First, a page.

There exists an iteration for which . Then, ESCP terminates, providing a solution for (LEOCP) satisfying only soft state constraints.

There exists an iteration for which . Then, ESCP terminates, providing a stationary point, in the sense of the Pontryagin Maximum Principle, for the original problem (OCP).

We have , for every iteration . Then, ESCP builds a sequence of optimal solutions for (LEOCP) that has a subsequence converging (with respect to appropriate topologies) to a stationary point, in the sense of the Pontryagin Maximum Principle, for the original problem (OCP).
Proof.
The assumptions on the internal SCP procedure for ESCP imply that only these three cases may happen and that they are mutually exclusive. Moreover, case 3) is a direct consequence of Theorem 3 and, for case 2), it is sufficient to apply Theorem 3 to the sequence of solutions
because it clearly converges to . ∎
In case 1), SCP fails because no feasible strategies can be computed, which also occurs in other stateoftheart trajectory optimization solvers such as TrajOpt [36]. Since the convergence of numerical methods usually leverages a termination threshold, case 3) is the most common outcome. Fortunately, Theorem 3 ensures that we are converging to a stationary point that satisfies strong necessary conditions for optimality in the sense of Theorem 2 and manifoldtype constraints.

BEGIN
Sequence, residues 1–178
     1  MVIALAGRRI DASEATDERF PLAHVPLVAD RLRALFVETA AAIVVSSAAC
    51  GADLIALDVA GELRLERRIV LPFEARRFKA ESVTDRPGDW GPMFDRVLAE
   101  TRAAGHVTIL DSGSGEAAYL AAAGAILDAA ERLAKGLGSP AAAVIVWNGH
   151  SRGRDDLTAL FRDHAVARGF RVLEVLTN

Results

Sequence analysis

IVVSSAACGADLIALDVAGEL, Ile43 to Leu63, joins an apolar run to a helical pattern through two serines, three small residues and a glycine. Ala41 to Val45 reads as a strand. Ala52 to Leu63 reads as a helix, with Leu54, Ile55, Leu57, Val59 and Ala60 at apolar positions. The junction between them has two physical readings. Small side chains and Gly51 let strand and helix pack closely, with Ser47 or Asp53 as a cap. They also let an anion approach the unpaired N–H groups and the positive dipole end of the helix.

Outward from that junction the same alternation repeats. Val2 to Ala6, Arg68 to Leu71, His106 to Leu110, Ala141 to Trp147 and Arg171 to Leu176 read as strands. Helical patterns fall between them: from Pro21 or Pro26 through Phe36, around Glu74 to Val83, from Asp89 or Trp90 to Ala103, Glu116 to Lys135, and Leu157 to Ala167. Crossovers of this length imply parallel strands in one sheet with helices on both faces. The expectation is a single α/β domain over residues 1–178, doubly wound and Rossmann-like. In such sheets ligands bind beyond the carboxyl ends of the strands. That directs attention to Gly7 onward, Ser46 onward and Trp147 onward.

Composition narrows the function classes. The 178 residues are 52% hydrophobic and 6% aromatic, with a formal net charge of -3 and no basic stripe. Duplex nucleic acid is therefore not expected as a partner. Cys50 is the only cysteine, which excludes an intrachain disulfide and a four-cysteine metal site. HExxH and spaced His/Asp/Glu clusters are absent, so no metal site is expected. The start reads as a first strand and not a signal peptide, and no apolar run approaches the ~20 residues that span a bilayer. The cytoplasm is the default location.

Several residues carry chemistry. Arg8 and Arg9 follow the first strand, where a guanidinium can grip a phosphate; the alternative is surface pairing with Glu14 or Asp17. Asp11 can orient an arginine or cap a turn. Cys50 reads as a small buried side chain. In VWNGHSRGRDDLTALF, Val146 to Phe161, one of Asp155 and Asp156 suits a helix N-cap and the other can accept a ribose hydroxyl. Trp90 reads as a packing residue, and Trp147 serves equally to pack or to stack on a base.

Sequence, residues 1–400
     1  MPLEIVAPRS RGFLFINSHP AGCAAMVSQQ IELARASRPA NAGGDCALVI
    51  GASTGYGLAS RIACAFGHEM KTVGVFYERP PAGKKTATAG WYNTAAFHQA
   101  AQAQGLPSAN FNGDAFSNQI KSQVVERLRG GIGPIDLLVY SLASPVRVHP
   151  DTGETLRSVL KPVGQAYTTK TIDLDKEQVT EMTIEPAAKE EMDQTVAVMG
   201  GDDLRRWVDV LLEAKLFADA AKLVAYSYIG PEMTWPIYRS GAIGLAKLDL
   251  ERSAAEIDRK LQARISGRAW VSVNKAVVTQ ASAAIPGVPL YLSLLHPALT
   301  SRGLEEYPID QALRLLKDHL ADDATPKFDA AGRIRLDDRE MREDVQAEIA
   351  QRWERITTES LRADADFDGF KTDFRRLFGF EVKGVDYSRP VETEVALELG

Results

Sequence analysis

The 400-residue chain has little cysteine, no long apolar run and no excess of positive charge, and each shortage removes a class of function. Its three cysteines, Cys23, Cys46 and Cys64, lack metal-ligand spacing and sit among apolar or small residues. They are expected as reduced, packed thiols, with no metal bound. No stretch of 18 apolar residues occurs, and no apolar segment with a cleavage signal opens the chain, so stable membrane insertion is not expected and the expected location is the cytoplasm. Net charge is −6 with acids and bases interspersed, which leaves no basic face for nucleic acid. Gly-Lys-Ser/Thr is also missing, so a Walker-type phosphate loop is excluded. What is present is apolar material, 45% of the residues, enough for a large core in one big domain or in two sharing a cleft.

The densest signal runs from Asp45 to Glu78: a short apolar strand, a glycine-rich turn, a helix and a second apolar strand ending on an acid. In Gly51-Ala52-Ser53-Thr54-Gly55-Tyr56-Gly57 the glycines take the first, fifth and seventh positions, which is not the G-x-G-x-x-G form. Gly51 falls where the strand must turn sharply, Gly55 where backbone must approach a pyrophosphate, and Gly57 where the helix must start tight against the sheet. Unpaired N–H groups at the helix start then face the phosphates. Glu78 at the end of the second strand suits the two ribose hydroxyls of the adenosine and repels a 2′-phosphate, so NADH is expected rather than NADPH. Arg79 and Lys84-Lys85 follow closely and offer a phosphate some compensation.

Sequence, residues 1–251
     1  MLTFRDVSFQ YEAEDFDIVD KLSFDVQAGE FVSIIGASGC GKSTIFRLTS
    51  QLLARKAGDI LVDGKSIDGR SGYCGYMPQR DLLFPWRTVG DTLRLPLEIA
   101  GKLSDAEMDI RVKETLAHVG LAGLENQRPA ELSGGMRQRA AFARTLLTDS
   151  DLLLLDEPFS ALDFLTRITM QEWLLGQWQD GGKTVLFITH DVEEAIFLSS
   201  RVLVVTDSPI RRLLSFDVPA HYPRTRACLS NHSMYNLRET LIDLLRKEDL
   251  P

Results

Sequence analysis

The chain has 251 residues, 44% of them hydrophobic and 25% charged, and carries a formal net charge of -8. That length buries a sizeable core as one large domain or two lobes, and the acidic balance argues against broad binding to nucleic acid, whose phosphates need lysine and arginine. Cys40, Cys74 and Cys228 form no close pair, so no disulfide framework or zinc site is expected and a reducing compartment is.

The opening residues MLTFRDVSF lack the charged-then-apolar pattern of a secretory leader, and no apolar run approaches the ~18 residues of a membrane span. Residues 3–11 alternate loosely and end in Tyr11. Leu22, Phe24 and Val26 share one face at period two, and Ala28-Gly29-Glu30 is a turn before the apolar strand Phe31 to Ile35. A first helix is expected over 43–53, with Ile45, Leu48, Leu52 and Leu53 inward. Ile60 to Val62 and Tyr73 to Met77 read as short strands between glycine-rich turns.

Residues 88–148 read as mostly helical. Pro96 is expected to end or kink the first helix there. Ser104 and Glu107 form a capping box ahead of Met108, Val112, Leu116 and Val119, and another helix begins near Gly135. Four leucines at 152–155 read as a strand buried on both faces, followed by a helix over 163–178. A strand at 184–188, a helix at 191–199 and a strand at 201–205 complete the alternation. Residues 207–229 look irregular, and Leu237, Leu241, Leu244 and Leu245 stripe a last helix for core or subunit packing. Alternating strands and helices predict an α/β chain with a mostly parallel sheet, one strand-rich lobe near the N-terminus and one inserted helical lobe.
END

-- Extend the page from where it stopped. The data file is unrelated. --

IiiD Geometric Consistency and DiscreteTime Convergence
Despite the fact that ESCP entails solving a sequence of linearized problems for the embedded reformulation (EOCP), i.e., without explicit representation of the manifold, Lemma 1 and Corollary 1 ensure that the numerical solution converges to trajectories that satisfy the manifold constraints and also ensure that the limiting solution satisfies strong firstorder necessary conditions for optimality that respect the geometric structure of the original manifold.
The additional advantage of working within a continuoustime setting is that the validity of the theoretical guarantees is independent of the timediscretization scheme used to solve the ODEs. For instance, choosing schemes such as Euler or Simpson’s rule lead to well wellposed convex optimization problems when the dynamics are linearized within each SCP step. With a sufficiently small timestep, one can ensure that the discrete solution provided by SCP stays close to the solution of the continuoustime problem (EOCP). Finally, Corollary 1 further implies that this discretized solution stays close to the solution for the original continuoustime (OCP).